FreeBSD 7.2RC Released

Posted on in Categories FreeBSD, Hardware, Howto, Networking, News last updated January 25, 2009

The second of two planned Release Candidates for the FreeBSD 7.2-RELEASE cycle is now available. ISO images for Tier-1 architectures are now available on most of the FreeBSD mirror sites.

The freebsd-update(8) utility supports binary upgrades of i386 and amd64
systems running earlier FreeBSD releases. Systems running 7.0-RELEASE,
7.1-RELEASE, 7.2-BETA1, or 7.2-RC1 can upgrade as follows:

# freebsd-update upgrade -r 7.2-RC2

During this process, FreeBSD Update may ask the user to help by merging
some configuration files or by confirming that the automatically performed
merging was done correctly.

# freebsd-update install

The system must be rebooted with the newly installed kernel before continuing.
# shutdown -r now

After rebooting, freebsd-update needs to be run again to install the new
userland components, and the system needs to be rebooted again:

# freebsd-update install
# shutdown -r now

Important: Openssl Security Update [CVE-2008-5077]

Posted on in Categories CentOS, Debian Linux, fedora linux, FreeBSD, GNU/Open source, Howto, Linux, News, RedHat/Fedora Linux, Security Alert, Slackware, Suse Linux, Sys admin last updated January 8, 2009

Linux / BSD and UNIX like operating systems includes software from the OpenSSL Project. The OpenSSL is commercial-grade, industry-strength, full-featured Open Source toolkit implementing the Secure Sockets Layer (SSL v2/v3) and Transport Layer Security (TLS v1) protocols as well as general purpose cryptography library.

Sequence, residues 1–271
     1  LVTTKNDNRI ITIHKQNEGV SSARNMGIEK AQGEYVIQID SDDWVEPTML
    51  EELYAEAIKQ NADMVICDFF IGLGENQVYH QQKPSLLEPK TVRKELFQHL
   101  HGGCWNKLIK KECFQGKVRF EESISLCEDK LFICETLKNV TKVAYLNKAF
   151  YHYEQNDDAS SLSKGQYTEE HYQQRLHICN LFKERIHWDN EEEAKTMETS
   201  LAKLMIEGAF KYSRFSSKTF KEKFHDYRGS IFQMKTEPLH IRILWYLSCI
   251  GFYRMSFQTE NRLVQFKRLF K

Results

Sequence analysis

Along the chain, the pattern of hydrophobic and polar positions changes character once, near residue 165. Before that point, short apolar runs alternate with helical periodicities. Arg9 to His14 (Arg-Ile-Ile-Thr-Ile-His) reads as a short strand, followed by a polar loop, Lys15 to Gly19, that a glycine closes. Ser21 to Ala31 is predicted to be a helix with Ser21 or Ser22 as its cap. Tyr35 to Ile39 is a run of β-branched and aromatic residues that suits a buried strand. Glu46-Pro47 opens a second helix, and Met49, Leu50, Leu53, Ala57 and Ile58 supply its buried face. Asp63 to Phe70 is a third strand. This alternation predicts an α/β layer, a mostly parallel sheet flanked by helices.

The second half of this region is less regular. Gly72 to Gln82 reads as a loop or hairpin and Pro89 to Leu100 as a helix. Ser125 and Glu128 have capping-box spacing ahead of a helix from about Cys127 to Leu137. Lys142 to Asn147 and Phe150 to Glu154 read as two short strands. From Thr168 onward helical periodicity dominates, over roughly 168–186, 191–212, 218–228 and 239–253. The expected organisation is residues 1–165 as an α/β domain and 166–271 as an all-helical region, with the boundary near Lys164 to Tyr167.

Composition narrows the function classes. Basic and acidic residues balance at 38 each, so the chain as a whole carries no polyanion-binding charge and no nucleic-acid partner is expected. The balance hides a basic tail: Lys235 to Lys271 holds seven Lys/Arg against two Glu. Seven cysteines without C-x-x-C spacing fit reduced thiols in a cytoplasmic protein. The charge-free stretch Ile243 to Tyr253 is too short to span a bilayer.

The Google security team discovered a flaw in the way OpenSSL checked the verification of certificates. An attacker in control of a malicious server, or able to effect a “man in the middle” attack, could present a malformed SSL/TLS signature from a certificate chain to a vulnerable client and bypass validation.

This update has been rated as having important security impact on FreeBSD, all version of Ubuntu / Debian, Red Hat (RHEL), CentOS, Fedora and other open source operating system that depends upon OpenSSL.

BIND Named: Set a Zone Transfer IP Address For Master DNS Server

Posted on in Categories BIND Dns, CentOS, data center, fedora linux, FreeBSD, High performance computing, Linux Scalability, RedHat/Fedora Linux, Troubleshooting last updated January 8, 2009

I’ve three nameserver load-balanced (LB) in three geo locations. Each LB has a front end public IP address and two backend IP address (one for BIND and another for zone transfer) are assigned to actual bind 9 server running Linux. So when a zone transfer initiates from slave server, all I get errors. A connection cannot be established, it tries again with the servers main ip or LB2 / LB3 ip. This is a problem because my servers are geo located and load balanced. However, there is a small workaround for this problem.

FreeBSD Turn On Process Accounting – Track System Resources Used By Users

Posted on in Categories FreeBSD, Howto, Monitoring, Security, Sys admin, Tips, Troubleshooting, Tuning last updated January 8, 2009